A third workplan with measures due by 2025 has been released by the joint Big Data Steering Group of the European Medicines Agency (EMA) as well as the Heads of Medicines Agencies (HMA).
The new strategy, according to EMA, will improve the integrated approach of data analysis into the regulatory assessment of pharmaceuticals. The agency issued a statement in which it declared that using revolutionary technology and the evidence generated by big data would enhance public health by expediting drug development, enhancing treatment outcomes, and easing early patient access to novel treatments.
The HMA/EMA Big Data Steering Group evaluates its workplan every year to include any newly emerging areas of interest. The group was established in May 2020 to provide guidance to both the EMA and HMA on the execution of the ten priority recommendations identified by the Big Data Task Force. The new strategy principally focuses on initiatives connected to medications for humans while adhering to the primary recommendations of the previous Big Data Task Force.
The work plan details deadlines and deliverables, including:
- By 2025, the EMA’s network of data and services in Europe will have more than 100 studies each year, which will allow for a better use of real-world evidence for evaluating medications.
- By the end of 2022, the EU regulatory network will have a data quality framework that is based on analysis and discussions about data quality with a variety of stakeholders, including patients, healthcare workers, regulators, the pharmaceutical industry, and academics.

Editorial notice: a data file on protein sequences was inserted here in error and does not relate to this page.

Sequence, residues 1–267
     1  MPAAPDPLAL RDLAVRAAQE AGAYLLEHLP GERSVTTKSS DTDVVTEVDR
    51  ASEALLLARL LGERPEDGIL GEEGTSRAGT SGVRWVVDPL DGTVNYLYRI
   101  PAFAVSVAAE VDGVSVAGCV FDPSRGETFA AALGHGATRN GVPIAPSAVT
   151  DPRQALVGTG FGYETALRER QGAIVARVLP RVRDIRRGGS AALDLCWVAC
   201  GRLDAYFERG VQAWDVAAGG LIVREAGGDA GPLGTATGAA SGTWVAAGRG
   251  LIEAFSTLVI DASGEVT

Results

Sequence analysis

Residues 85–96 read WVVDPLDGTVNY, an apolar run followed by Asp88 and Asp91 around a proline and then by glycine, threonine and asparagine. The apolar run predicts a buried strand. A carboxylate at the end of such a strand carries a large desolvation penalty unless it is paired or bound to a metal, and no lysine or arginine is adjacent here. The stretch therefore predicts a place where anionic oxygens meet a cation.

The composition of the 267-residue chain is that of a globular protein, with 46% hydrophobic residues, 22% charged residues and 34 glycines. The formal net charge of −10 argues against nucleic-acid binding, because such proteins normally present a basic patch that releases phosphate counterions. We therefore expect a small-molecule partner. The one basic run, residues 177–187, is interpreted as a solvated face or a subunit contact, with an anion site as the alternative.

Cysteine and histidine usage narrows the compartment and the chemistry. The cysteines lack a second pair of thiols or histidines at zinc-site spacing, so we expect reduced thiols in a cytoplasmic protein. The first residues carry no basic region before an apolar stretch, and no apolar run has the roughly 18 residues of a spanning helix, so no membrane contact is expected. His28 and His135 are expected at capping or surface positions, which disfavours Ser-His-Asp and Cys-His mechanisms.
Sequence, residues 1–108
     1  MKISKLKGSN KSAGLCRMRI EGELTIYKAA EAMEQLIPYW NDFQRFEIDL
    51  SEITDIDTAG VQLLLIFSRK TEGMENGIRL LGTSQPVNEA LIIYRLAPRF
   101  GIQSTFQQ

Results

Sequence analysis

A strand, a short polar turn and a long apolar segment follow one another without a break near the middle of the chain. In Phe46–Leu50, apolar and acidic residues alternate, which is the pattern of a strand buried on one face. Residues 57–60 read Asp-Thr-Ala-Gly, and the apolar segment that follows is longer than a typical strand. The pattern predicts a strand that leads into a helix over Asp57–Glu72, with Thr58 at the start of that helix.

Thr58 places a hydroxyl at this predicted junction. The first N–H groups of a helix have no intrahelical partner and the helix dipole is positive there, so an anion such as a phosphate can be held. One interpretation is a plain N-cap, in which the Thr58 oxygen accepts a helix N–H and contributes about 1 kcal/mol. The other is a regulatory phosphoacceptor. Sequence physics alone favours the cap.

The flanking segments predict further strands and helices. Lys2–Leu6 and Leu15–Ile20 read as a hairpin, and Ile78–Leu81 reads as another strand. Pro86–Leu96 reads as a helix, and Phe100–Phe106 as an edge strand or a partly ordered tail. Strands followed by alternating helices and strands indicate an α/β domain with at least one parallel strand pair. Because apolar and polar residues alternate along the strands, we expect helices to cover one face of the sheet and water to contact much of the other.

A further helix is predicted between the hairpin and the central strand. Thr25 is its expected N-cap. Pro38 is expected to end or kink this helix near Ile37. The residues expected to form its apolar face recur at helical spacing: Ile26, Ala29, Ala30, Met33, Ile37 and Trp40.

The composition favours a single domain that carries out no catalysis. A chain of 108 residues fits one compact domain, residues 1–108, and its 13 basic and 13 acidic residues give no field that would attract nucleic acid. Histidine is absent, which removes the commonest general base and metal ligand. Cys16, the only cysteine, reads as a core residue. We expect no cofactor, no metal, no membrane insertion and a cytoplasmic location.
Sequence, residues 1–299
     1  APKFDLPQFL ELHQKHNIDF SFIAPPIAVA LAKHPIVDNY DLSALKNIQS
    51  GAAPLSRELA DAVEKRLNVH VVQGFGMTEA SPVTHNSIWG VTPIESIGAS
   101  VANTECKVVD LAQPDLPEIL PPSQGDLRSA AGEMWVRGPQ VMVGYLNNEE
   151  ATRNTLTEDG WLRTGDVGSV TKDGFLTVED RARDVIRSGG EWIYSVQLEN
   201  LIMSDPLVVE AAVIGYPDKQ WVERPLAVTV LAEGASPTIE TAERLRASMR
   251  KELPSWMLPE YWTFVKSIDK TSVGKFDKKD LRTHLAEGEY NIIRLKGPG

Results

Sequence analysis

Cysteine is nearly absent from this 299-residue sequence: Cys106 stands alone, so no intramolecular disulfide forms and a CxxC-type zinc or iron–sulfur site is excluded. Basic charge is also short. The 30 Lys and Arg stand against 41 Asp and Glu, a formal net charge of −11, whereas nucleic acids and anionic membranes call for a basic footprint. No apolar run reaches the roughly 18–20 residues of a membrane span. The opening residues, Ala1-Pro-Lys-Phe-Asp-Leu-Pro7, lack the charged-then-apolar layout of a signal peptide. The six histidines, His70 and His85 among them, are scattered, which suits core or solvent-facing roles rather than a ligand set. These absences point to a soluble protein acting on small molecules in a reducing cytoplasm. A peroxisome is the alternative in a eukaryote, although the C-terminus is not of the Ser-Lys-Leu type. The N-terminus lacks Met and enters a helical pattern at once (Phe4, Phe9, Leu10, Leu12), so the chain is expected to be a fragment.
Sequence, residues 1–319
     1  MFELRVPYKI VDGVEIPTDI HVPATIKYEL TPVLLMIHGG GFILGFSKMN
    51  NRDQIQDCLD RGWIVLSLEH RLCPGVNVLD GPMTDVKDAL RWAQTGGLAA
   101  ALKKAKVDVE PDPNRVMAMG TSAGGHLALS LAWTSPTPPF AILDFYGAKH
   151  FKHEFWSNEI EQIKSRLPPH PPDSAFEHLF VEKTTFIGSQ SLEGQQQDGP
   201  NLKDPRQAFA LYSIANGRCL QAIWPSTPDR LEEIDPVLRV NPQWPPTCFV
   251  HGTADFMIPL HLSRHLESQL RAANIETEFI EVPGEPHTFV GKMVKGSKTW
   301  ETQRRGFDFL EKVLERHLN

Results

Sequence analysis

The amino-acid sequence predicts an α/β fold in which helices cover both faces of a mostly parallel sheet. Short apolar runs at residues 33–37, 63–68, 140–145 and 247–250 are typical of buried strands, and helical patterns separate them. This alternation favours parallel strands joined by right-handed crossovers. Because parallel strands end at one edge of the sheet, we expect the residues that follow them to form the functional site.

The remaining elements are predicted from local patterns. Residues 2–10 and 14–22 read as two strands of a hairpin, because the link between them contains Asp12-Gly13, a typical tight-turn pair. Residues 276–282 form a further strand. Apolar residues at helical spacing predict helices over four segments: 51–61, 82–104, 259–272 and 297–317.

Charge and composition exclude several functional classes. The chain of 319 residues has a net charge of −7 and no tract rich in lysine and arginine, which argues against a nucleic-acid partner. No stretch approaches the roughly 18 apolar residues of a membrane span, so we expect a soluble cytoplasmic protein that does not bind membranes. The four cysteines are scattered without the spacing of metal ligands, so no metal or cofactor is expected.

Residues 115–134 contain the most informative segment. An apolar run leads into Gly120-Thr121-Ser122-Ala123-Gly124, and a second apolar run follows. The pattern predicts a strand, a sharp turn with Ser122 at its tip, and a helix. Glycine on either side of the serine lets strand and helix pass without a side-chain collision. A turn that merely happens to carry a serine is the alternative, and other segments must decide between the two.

- Release of a public European real-world data catalogue and a good practise manual on real-world metadata to improve data discoverability. The creation of analytics tools and uniform clinical trial methods will also improve the ability to search for information in regulatory documents.
- Under the heading of “EU network skills,” the provision of training in biostatistics, pharmacoepidemiology, and data science for policymakers with specialised access for patients, medical professionals, and academics.
Big data are very big, fast-growing datasets that are collected using a variety of settings and equipment, such as wearable technology and electronic health information. The EMA and HMA suggest that big data, when combined with rapidly advancing technology, can supplement the substantiation from clinical trials by filling in knowledge gaps about a medicine and aiding in a better understanding of diseases, treatments, and the effectiveness of medications in various healthcare systems.